FOLKLORE, MAGIC AND MYSTERIES:
MODERN WITCHCRAFT & FOLK CULTURE IN BRITAIN

In the Macquoid Room at Preston Manor from April 2nd to Autumn 2016

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Folklore, Magic and Mysteries: Modern Witchcraft and Folk Culture in Britain features a unique display of artefacts, manuscripts and documents from the Doreen Valiente Collection including ceremonial items used by both Doreen Valiente and Gerald Gardner displayed on a witch’s altar.

The exhibition traces the story of the rise of modern Paganism, the role in this revival played by Doreen Valiente and Gerald Gardner as well as exploring how it connects to the deep and ancient roots of the past as well as the living future of Pagan religions.

There are also implements used in other Pagan faiths such as Druidry and Heathenism, and items of historical interest from British folklore practices. The exhibition also contains important magical documents and photographs.

On display on special days (TBC) during the year will be Gerald Gardner’s original handwritten book of witchcraft rituals, from the 1940s – one of the primary source documents for the worldwide religion now known as Wicca. Known as a ‘Book of Shadows’ it contains Gardner’s notes for rituals and magical work from the earliest days of this movement. Most modern witches now have their own ‘Book of Shadows’, with a great many based on this original work.

Valiente’s own handwritten ritual books and documents will complete the display, highlighting the vital role she played in the faith’s evolution from an underground British cult to a global religious phenomenon in just a few decades.

Preston Manor can lay claim to being Brighton’s most-haunted house, a reputation which dates back to its days as a private home. Over the last decade it has hosted regular paranormal-themed tours, talks and events, continuing a trend started in the 1880s when séances were conducted in the house.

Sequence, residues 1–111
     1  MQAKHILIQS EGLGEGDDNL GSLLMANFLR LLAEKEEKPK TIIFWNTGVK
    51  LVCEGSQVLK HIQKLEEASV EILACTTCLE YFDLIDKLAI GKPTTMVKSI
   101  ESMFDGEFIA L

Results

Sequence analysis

Venue Officer Paula Wrightson said: “Preston Manor has been chosen to display this collection because it’s so compatible with the interests of the last private owner, former MP and Brighton Mayor Sir Charles Thomas-Stanford (1858-1932). He was the long-serving chairman of the Brighton & Hove Archaeological Society, where his colleagues included Herbert Toms, the one-time curator of Brighton Museum.

“Both men were fascinated by Sussex history, archaeology and folklore, and Toms was a subscriber to Psychic News – I’m sure they talked long into the night about folklore and the supernatural at Preston Manor. And Doreen Valiente was well aware of Toms’ work, referring to it when researching her pioneering book Where Witchcraft Lives (1962).”

The display also ties in with Thomas-Stanford’s vision of his house becoming a ‘Volks Museum’, displaying material relating to Sussex life after his death (he gifted the house to Brighton in 1925). Sussex has long been associated with mythical forces, often inspired by landscape features like Devil’s Dyke and local hills and woods, which would have been familiar to Doreen Valiente, Thomas Stanford, Herbert Toms, and regular Preston Manor visitor Rudyard Kipling.

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